This week, we watched Lost in La Mancha, a movie detailing the struggles faced by a group of movie producers in an attempt to create a Don Quixote themed movie. Much like don Quixote himself, their journey was full of failure and misadventure.

Lost in La Mancha was so close, yet so far to becoming a full-fledged movie. But it just didn’t. As it stands right now, Lost in La Mancha exists in the same way that an old MySpace page featuring photos of My Chemical Romance and heavily filtered flip-phone selfies occupies a small, but obsolete space of the internet. Oh, middle school.

Problems faced in the movie included actor illness, inclement weather, and of course, the quintessential artistic bickering that comes as a side dish to any artistic process.  But really, would a film be true to the tale of Don Quixote if it actually got published? If everything went as planned, then the delightful charm of failure would be lost. So in some ironic and strained way, the lack of a true creation of a movie mirrors Cervantes’ work itself. Cause hey, ya gotta keep things authentic.™

After all, “what man can pretend to know the riddle of a woman’s mind?” (Don Quixote). But in this case, the riddle is not really that of a woman’s mind, but rather, that of budgetary issues or lack of key cast members.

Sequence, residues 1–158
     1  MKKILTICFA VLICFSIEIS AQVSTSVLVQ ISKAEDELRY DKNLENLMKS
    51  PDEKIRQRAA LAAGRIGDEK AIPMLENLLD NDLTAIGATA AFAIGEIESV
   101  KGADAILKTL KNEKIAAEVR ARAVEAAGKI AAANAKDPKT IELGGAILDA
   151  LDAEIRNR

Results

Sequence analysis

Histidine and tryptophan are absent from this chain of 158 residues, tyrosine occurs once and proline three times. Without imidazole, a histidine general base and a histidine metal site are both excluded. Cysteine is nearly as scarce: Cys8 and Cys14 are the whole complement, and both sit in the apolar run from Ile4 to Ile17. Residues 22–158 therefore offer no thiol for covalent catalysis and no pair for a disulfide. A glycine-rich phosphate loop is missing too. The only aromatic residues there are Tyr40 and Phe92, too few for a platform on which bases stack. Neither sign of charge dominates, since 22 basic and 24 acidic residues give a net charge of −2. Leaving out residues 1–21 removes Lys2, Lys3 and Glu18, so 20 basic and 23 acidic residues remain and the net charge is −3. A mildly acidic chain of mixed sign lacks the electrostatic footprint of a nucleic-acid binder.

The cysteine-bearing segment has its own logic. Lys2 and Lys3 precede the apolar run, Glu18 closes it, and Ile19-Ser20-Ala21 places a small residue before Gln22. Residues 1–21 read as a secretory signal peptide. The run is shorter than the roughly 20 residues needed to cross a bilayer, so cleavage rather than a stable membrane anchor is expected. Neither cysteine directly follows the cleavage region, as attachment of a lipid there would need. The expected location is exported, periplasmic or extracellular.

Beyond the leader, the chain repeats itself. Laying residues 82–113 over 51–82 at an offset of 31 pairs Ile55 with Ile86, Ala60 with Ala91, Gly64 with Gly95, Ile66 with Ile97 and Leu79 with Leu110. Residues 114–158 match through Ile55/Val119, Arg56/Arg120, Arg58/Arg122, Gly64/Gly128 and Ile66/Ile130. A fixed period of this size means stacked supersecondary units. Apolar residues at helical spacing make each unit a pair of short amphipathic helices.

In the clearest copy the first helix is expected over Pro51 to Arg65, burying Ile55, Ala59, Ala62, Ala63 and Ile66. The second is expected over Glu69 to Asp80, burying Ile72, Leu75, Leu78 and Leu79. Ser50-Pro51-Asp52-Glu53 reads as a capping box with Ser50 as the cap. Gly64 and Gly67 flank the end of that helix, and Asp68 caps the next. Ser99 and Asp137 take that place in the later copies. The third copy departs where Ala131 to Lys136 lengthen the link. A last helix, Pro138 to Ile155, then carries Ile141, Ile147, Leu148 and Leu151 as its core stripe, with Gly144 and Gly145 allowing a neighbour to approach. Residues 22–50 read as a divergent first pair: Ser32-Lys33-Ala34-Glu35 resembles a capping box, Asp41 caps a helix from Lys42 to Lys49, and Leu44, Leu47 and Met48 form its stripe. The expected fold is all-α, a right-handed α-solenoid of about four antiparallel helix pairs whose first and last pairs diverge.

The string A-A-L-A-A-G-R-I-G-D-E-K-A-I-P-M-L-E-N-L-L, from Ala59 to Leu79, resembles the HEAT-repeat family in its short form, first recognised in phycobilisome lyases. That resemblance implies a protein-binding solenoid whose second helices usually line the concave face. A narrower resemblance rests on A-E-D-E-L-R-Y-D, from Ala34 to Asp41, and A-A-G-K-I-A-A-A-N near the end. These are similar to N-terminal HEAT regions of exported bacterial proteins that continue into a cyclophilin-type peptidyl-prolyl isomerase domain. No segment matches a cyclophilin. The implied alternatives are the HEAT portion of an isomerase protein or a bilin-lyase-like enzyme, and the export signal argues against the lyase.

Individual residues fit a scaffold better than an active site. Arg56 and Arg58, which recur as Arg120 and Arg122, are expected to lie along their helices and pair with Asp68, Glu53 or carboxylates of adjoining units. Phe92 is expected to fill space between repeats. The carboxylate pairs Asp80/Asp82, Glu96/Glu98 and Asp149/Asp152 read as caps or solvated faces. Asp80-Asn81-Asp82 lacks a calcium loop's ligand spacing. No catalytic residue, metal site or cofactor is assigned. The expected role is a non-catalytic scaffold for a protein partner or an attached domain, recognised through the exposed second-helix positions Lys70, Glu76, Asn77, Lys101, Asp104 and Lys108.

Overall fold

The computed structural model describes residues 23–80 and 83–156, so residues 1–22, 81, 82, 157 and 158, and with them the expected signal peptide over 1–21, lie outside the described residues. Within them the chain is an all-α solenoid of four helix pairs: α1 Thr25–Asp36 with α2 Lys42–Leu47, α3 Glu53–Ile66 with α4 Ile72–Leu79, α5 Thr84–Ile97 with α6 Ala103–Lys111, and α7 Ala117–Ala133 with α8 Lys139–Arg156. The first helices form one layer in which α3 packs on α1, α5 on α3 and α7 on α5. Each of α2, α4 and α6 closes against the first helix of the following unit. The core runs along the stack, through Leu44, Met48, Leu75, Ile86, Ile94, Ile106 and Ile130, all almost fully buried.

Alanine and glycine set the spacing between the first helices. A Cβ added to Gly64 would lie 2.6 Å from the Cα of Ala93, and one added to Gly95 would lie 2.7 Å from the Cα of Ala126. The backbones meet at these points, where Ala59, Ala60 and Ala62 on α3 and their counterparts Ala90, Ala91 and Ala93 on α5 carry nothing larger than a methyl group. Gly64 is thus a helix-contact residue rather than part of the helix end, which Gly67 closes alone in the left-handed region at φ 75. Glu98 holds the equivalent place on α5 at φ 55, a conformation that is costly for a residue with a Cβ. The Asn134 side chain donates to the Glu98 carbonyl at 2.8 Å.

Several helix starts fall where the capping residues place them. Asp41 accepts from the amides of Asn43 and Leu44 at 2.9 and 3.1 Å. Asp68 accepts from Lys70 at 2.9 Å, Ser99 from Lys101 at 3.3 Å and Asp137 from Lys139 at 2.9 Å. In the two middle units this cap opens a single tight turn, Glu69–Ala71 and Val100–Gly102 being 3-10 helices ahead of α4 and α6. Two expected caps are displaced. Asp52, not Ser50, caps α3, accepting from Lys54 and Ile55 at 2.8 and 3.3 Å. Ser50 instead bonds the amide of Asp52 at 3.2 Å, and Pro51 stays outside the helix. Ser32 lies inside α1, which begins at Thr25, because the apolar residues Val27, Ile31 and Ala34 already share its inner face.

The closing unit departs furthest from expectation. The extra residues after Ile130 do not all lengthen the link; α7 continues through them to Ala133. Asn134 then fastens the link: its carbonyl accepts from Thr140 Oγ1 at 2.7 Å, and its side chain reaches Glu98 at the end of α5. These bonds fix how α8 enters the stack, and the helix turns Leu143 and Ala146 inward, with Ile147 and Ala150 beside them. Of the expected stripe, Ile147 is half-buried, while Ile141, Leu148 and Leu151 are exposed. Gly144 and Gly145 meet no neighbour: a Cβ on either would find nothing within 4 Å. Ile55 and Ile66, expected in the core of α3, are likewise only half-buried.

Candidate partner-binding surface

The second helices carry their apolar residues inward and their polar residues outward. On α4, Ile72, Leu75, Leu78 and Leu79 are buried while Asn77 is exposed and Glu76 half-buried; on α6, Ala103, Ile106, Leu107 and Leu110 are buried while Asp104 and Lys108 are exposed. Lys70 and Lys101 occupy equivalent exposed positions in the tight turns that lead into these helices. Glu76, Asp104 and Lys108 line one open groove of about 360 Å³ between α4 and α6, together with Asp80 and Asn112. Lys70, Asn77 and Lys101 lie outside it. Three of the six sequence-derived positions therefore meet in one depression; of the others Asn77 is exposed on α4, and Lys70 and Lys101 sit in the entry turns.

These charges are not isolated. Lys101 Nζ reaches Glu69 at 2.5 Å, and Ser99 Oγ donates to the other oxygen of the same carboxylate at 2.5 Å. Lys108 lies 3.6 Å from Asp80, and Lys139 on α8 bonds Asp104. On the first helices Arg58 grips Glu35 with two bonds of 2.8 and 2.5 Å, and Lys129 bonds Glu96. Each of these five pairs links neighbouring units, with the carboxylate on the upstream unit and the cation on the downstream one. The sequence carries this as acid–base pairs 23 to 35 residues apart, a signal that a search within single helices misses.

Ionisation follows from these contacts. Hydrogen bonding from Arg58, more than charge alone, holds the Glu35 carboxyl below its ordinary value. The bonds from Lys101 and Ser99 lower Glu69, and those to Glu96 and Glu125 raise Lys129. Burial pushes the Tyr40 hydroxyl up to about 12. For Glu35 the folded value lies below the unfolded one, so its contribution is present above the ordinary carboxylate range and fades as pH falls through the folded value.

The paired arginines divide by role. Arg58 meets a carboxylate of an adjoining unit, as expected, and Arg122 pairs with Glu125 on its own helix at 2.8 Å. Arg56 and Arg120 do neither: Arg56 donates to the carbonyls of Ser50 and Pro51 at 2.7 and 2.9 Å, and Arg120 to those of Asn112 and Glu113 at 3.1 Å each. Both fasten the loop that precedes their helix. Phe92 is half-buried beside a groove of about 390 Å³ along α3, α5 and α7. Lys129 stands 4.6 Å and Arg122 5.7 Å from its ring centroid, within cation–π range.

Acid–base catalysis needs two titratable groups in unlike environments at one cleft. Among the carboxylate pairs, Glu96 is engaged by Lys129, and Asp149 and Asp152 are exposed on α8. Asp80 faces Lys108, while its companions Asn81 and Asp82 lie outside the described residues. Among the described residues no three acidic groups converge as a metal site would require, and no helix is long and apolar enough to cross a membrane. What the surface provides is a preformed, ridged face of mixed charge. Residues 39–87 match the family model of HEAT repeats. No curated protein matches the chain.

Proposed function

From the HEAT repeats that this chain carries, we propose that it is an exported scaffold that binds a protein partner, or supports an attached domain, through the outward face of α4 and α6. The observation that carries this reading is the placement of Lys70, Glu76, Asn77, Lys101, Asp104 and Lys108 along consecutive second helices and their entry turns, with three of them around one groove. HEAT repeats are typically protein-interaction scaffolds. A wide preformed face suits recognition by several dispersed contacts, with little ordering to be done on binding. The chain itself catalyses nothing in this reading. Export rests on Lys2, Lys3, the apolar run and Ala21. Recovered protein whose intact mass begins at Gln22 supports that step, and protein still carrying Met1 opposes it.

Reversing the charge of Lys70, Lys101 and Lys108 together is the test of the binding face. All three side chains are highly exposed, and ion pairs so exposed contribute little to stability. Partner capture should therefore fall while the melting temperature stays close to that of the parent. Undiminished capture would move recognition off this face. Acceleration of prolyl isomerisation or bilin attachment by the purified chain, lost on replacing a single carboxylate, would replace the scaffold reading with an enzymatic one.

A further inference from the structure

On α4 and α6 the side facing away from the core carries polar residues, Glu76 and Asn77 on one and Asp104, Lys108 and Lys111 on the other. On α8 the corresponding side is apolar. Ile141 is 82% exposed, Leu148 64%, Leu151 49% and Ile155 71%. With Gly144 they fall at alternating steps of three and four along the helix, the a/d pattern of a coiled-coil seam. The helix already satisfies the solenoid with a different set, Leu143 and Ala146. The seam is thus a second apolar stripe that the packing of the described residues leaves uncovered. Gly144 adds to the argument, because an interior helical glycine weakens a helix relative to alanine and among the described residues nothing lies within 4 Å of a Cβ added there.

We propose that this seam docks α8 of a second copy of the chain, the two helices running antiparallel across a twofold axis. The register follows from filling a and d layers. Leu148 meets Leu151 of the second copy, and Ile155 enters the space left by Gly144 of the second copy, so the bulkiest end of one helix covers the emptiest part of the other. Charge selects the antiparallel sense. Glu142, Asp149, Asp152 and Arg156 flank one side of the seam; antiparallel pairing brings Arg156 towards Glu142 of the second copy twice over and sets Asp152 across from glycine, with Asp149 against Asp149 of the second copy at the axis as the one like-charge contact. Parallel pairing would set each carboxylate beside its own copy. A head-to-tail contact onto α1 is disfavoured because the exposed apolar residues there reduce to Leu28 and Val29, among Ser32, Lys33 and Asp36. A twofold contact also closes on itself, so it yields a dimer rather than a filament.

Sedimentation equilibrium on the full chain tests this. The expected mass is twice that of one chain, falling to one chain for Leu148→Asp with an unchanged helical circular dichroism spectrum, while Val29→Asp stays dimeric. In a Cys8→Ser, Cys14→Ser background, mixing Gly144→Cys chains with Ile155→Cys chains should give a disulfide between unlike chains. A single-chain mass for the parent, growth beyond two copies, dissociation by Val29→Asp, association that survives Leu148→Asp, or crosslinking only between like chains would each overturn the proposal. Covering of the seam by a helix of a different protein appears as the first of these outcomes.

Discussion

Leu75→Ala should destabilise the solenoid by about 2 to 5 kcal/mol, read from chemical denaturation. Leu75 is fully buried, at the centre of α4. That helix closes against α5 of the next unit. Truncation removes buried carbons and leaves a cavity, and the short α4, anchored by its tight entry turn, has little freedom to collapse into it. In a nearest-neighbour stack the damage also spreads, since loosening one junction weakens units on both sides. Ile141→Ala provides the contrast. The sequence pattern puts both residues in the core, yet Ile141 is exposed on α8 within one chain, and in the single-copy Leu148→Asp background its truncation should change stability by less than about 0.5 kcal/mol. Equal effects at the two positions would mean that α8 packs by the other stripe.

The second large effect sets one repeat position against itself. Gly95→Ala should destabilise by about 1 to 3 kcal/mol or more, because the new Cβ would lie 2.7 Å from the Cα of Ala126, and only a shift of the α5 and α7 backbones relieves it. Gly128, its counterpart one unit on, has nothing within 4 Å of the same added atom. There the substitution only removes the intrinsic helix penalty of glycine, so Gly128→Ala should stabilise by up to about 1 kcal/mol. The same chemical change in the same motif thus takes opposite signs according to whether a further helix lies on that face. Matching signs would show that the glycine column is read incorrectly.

What really really bothered me throughout the duration of the film, aside from the absolutely grotesque, hairy “giants,” was the creeping knowledge of just how much money and time was poured into a film that never even came to fruition. I’m genuinely curious as to where it all went. Were they able to rekindle some of their investments? How does that work? Is it just gone, as though it were cash shoveled into a fire?

I suppose though, it would’ve been interesting to see the finished product of a DQ spinoff film. Of course, it wouldn’t have mirrored the book exactly, but key elements would still be prominent. I wonder how Johnny Depp would’ve done.